Senator Durbin pushes to avoid another tanker tragedy, fighting unsafe DOT-111 railroad tanker cars

December 18, 2013 (BARRINGTON, Ill.)

The I-Team investigation found that suburbs from Elmhurst to Elgin are at risk because these tankers pass right through their neighborhoods and downtowns. This one part of a tanker train spotted last week next to Midway Airport.

The problem is that the tankers are susceptible to rupture and explosion in a derailment. As the I-Team revealed, this is a problem the government has known about for 20 years.

Now it's a problem that needs to be addressed quickly according to Illinois Senior Senator.

It has taken a series of derailments and the deadly explosions that followed, to get Washington's attention.

The I-Team reported in late October that government officials knew two decades ago that the skin of these tankers known as DOT-111's was too thin to withstand many derailments.

Even faced with more and more of these tankers hauling crude oil on North American Rails, nothing has been done yet. So, Illinois Senator Dick Durbin has heated things up.

A letter from Mr. Durbin sent Wednesday to administrator Quarterman cites the potentially catastrophic spills of hazardous materials that are transported by railroad tank cars through Illinois towns where millions of innocent people are living next to rail lines. These people ultimately bear the brunt, Durbin writes, of the consequences following an accident.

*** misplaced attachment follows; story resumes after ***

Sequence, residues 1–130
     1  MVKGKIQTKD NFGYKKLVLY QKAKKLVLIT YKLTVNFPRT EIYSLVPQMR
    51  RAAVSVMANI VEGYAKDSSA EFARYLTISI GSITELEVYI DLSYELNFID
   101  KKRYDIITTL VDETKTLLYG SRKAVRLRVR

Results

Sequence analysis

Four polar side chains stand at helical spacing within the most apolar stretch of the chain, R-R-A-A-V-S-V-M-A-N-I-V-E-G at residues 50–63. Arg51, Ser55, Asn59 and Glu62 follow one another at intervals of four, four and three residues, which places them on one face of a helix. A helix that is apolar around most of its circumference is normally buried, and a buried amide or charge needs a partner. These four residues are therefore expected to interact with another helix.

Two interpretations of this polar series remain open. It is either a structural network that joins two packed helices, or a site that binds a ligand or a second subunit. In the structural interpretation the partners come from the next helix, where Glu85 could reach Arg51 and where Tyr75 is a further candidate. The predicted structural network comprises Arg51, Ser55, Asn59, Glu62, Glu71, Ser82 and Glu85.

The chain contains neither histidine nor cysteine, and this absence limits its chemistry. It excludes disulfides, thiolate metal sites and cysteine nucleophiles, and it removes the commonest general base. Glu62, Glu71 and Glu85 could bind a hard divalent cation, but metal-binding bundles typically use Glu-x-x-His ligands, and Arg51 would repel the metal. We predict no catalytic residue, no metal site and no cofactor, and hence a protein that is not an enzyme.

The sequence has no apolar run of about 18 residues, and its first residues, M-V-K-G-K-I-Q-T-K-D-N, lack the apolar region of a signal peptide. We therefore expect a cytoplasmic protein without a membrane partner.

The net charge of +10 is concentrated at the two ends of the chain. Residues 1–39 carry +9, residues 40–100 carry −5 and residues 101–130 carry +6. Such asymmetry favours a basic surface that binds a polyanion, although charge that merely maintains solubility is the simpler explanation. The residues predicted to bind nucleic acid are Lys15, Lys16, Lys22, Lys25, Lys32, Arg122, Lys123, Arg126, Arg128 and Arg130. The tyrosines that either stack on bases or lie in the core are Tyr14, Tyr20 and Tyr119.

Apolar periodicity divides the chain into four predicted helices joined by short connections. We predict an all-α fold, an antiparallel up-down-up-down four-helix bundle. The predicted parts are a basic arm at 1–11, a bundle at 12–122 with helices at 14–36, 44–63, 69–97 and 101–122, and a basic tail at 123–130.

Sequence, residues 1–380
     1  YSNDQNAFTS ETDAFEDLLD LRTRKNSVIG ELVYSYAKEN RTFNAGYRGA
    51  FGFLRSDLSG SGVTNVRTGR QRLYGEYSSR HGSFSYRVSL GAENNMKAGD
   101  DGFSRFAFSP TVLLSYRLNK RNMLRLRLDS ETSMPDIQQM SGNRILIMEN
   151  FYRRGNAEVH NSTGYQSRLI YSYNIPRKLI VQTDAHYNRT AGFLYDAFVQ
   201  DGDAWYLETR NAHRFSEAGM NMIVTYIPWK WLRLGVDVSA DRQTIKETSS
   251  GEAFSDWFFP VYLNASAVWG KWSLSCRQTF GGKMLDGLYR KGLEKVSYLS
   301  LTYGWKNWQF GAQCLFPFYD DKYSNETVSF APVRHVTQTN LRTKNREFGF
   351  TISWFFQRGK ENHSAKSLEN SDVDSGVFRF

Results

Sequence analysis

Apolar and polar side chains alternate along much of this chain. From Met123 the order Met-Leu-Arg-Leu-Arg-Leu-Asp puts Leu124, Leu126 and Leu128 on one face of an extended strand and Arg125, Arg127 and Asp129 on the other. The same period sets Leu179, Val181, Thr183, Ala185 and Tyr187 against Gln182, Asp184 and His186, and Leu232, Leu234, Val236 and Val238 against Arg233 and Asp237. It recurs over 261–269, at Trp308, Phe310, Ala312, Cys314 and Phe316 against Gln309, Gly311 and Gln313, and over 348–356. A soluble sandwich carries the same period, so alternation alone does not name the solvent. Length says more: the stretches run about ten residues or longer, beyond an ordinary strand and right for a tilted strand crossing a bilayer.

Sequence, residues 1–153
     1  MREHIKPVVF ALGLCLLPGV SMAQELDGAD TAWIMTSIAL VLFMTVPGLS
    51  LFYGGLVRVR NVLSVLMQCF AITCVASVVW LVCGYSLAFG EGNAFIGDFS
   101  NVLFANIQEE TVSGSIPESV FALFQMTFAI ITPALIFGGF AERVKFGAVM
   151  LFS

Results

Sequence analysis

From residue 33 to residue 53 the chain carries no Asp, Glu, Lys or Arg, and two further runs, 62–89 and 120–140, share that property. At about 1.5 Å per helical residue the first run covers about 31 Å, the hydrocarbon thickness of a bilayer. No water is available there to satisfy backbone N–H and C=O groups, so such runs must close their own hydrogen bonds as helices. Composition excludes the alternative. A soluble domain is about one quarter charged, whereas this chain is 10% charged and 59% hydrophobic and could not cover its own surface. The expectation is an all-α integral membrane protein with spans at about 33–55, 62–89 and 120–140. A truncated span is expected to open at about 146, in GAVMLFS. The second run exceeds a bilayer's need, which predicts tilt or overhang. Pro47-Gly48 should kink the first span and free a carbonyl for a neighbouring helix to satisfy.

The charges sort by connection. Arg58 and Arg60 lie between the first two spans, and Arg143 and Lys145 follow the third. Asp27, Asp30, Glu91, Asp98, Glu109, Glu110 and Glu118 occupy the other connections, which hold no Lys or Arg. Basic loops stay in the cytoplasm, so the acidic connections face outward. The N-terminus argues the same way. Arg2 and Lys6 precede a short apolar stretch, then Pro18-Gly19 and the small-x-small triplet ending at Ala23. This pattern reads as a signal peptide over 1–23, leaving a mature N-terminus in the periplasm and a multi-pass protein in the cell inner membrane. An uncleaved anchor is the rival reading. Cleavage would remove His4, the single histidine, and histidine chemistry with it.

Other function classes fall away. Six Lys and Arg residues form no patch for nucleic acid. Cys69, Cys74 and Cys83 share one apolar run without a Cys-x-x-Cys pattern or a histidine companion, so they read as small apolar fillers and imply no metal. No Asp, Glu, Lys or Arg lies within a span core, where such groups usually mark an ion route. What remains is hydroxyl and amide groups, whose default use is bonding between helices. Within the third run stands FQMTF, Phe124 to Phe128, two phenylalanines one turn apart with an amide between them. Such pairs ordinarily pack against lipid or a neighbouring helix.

Senator Durbin, on Wednesday night, is asking for swift federal rule changes to prevent or reduce catastrophic accidents such as this one last summer in Canada, where 47 people were killed when tankers derailed and blew up.

''People often ask me in this job 'what keeps you up at night?' An incident like the one that occurred in Quebec is really one of my nightmares,'' said Cynthia Quarterman, a U.S. Hazmat administrator.

The recipient of Senator Durbin's letter spoke on Wednesday at an emergency meeting last August following the horrific Canadian crash.

Since then, the leaders of several Chicago suburbs - including Barrington and Aurora - that have regular freight train traffic have pressed for tankers to be taken out of service until they can be made safer.

Senator Durbin's letter points to Barrington and Aurora as communities experiencing the sudden increases of hazardous material rail traffic and the need for real-time freight information in those communities. The Department of Transportation railroad rulemakers are expected to decide in early 2014 reagrding what to do about the tanker safety problem.

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